IUDs are one of the most effective forms of birth control. They’re also relatively cheap over time. However, getting an IUD can be painful. Most people describe it as feeling like strong period cramps.
Women can resume regular activities after getting an IUD, but they should not insert anything into their vaginas (including tampons or menstrual cups) or have sex until 24 hours after the procedure.
24 Hours After Insertion
The process of getting an IUD takes a few hours and is performed by a medical professional. You might feel some pain or discomfort during the insertion, but it shouldn’t be too bad. The actual insertion shouldn’t take more than a minute or two. You can take an OTC pain reliever before your appointment to help you deal with any discomfort.
During the procedure, your doctor will first perform a pelvic exam to check the size and position of your uterus. They will then determine which type of IUD is best for you. They will consider factors like your age, health history, the heaviness and regularity of your menstrual cycles, and the size of your cervix.
If you choose a hormonal IUD, it might take a few weeks for the hormones to kick in and start preventing pregnancy. In the meantime, you should use alternative methods of birth control. If you choose a copper IUD, it is immediately effective.
After your IUD is inserted, you might experience heavier, longer or more painful periods. You may also have spotting or bleeding between your periods. Your doctor will teach you how to feel for the strings of your IUD during your period or at other times so that you can make sure it is still in place. If you feel that your IUD has moved, talk to your doctor or nurse and use additional contraception until they can check it again.
7 Days After Insertion
It takes about a week for an IUD to start working to prevent pregnancy. During this time, you should continue to use condoms during sex. If you have a hormone-based IUD (Mirena, Liletta or Skyla), you should also carry backup birth control with you at all times.
An IUD insertion is a quick, painless procedure that can be done during an office visit. You lie on an exam table and your doctor inserts a metal tool called a speculum into your vagina to open it up. The doc then cleans the inside of your vagina and cervix with an antiseptic liquid. They then fold an IUD into a small tube and insert the device through your cervix and into your uterus.
During the insertion process, you may experience pinching and cramps similar to menstrual cramps. It is important to take over-the-counter pain meds as needed. You may also notice some spotting following the IUD insertion. This spotting is normal and can last up to 3-6 months.
After the IUD is inserted, one or two thin plastic strings that look like fishing wire hang down into your vaginal canal. You can check for these strings by feeling inside your vagina. Gynecologists usually recommend checking for the strings once every month. The strings can be felt if you put your finger in your vagina and push against the bottom of your cervix.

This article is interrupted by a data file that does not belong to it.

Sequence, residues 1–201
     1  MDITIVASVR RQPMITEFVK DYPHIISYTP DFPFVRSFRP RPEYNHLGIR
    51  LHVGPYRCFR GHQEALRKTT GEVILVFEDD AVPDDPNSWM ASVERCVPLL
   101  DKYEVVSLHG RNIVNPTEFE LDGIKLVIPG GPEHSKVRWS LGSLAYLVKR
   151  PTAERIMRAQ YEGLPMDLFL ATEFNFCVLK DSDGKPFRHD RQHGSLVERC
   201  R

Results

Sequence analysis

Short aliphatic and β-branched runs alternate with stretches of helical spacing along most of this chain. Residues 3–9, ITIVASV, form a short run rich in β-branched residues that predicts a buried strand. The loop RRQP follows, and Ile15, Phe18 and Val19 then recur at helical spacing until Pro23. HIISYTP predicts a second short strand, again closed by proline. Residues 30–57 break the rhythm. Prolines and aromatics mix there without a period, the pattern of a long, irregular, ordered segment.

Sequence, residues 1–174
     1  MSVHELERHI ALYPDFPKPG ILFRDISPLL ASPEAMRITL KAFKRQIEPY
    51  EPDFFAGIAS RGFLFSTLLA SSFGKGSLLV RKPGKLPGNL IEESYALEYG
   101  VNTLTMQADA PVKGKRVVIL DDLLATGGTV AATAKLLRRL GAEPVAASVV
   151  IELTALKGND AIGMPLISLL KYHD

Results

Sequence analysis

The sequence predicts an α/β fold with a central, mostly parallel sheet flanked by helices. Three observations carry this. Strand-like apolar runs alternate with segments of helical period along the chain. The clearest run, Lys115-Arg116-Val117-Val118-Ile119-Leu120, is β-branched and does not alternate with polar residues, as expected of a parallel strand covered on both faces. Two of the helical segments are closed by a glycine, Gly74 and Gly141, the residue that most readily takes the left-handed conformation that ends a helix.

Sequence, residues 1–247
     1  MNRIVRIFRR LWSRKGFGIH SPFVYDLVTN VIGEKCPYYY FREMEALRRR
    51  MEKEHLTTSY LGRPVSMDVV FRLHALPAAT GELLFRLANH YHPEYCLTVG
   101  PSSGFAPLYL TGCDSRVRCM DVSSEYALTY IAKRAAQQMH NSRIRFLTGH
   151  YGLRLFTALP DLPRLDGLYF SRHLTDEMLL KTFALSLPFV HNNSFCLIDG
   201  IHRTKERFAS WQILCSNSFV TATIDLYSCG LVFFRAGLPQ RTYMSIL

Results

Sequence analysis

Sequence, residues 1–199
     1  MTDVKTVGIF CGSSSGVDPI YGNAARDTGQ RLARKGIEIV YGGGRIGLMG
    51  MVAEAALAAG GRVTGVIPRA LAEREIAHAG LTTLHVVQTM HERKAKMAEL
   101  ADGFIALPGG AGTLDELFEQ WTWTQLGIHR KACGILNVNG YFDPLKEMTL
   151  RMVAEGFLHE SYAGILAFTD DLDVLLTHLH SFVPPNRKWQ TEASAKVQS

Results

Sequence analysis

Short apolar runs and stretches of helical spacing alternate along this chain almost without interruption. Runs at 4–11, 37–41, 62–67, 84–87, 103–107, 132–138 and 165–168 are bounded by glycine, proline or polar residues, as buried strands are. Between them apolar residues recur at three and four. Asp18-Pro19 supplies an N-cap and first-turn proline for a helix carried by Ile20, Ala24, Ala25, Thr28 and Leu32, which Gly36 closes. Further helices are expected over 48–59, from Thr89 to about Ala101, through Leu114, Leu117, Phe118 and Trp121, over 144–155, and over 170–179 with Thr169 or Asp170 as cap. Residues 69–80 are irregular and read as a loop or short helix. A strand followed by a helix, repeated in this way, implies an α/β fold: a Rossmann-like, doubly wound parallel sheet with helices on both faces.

3 Months After Insertion
IUDs are one of the most effective forms of birth control available. They prevent pregnancy for up to 12 years. The copper IUD does this by releasing tiny bits of metal that damage sperm and make it impossible for them to reach an egg. It is available to women who do not want or cannot use hormones for birth control.
During the insertion process, the doctor passes instruments through your vagina and cervix into your uterus. This can cause irritation and disrupt the protective mucus lining. It also puts you at risk for infection. This is why abstaining from sex for 24 hours after getting an IUD is so important.
When you have an IUD, a small string about the length of your finger sticks out of the top of your cervix. The string helps nurses and doctors find your IUD and remove it later if necessary. It is also important to check that your IUD is still in place regularly.
A gynecologist can help you choose the right IUD for you. They can also explain how it works, including its effectiveness and side effects. You should ask the gynecologist to give you an estimate of how long the IUD will be effective. This can help you plan your sex life more effectively. Some people need to take it easy for a while after an IUD is put in, but most women don’t experience any negative effects on their sex drive or orgasm.
6 Months After Insertion
The non-hormonal IUD, Paragard, is effective as soon as it’s inserted. However, hormonal IUDs need to be placed during certain points in your cycle for them to work. Because of this, you should use another form of birth control for a week after you get your IUD inserted.
Most people feel fine after getting their IUD inserted, but some experience cramping and spotting. These symptoms can last for a few days, but usually go away with time and rest. If they persist, you can try over-the-counter pain medication.
It’s important to check your IUD every month to make sure it’s still in place. To do this, wash your hands and insert your finger into your vagina at the hard area at the top (your cervix). If you can see and feel the string hanging down from the bottom of your IUD, it’s in the right spot. You should also make an appointment to see your gynecologist every 6 months to have your IUD checked and to discuss any other health concerns you may have.
IUDs can shift position and come out of the uterus, but it’s very rare. A small percentage of women who have an IUD get a condition called perforation, which is when the metal pokes through the wall of your uterus. This is very rare, and OB-GYNs don’t think it has anything to do with sex, because they would see more cases of perforation if sex caused it.